There are not many loose edges to Tomseaver; he stays close to the ground in all his endeavors, and in the off-season he rarely ventures far from home and hearth. "Once the season's over, I don't even like to go to the market," he says.
When Seaver was growing up his family was a close one, little Tom joining the three older kids and his parents for dinner every night—"not everybody going off in all directions," recalls the father, Charles, a retired executive and a Walker Cup golfer, who seems to have contributed both concentration and athleticism to his youngest child. And as Seaver has become the devoted father himself, so he remains the dutiful son. Talking by phone to his parents back in Fresno, he makes sure to provide his mother, a bridge devotee, with a careful recitation of a particularly interesting hand he played the night before with some teammates, just as he would fill in someone else on a big Reds game.
The natural orderliness of Seaver's life, overlaid by the inexorable rotation of his professional being, has produced, for him and his family, a most patterned existence. Everything is in time, in its turn. The Seavers always return to the same domicile during spring training to heighten continuity. When the season starts, Nancy and the girls remain in Greenwich, Conn. until school is out; once when the schedule permitted Daddy to swing back to Connecticut for a day, he so upset everybody's routine—school, church, club activities, tennis, etc.—that his three ladies actually implored him not to come home next time.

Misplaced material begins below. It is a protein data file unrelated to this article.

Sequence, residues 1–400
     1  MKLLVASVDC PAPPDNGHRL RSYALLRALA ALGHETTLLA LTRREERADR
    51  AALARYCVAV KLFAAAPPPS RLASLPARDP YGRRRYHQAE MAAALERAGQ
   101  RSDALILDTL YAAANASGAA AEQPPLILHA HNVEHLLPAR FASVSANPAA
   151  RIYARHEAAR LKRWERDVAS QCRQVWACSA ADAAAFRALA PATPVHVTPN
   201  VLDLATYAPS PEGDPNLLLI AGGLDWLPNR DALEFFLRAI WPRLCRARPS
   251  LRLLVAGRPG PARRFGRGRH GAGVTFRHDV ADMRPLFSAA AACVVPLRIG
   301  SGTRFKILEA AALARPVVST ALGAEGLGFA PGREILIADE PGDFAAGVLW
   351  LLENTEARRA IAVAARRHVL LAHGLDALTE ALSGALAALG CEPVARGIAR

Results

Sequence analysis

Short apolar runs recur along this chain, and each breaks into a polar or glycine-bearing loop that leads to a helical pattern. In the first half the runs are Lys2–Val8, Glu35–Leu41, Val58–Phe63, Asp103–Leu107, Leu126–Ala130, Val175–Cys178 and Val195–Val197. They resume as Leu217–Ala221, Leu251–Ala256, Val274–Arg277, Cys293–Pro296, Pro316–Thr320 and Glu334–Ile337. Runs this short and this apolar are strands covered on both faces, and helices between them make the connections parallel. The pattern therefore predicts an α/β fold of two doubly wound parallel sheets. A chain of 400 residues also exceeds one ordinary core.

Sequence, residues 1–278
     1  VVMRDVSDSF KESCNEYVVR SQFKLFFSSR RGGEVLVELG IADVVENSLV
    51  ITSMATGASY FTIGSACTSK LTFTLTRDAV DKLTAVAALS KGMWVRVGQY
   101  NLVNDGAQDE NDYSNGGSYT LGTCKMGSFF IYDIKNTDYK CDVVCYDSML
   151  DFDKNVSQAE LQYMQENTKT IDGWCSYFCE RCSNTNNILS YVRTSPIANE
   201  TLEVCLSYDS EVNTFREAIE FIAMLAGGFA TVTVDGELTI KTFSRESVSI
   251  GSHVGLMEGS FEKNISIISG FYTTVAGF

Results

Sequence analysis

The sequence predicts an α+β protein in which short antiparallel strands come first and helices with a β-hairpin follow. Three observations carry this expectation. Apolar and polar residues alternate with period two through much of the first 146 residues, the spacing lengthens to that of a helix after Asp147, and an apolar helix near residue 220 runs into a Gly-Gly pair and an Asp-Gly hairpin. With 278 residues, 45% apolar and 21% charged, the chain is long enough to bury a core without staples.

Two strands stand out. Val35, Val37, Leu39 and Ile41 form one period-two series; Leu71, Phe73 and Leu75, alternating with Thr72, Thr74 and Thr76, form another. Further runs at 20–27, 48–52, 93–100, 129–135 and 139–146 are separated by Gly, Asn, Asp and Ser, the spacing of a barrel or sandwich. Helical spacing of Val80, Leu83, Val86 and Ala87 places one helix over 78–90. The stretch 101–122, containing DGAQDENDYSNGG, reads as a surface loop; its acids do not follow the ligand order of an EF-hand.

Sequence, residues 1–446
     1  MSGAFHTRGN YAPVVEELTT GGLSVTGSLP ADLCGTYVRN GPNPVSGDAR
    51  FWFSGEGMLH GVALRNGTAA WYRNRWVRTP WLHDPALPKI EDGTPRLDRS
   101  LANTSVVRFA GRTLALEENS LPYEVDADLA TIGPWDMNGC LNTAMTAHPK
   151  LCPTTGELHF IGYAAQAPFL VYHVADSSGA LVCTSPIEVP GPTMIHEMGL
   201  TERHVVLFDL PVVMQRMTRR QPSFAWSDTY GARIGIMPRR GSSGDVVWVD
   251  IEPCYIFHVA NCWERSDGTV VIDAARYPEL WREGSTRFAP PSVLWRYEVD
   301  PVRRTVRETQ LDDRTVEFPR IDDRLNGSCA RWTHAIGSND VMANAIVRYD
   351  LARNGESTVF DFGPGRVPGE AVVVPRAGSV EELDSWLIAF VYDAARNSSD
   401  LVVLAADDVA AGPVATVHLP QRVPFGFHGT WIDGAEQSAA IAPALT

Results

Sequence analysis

In the months after the 1970 season, Nancy and Tom decided to make a grand motor tour of the U.S. Although they visited everything from the Grand Canyon to the Baseball Hall of Fame, Seaver allowed afterward that his "biggest thrill" may have been watching the corn harvest in the upper Midwest. "Corn is the basic product of this country's heritage," he said, "and I couldn't help but be struck by the sight of the farmers taking from the earth what they had spent the summer growing."
Nancy says now: "He's not at all a talker at home, but I'm intuitive, which is lucky. We never even discussed having children."
However ideal this marriage may be, there is a large part of Tom that is absolutely unknown to Nancy. That is the teammate Seaver. Baseball is a split personality, the team game played by individualists, and those who survive it long must, in some respects, be Janusian.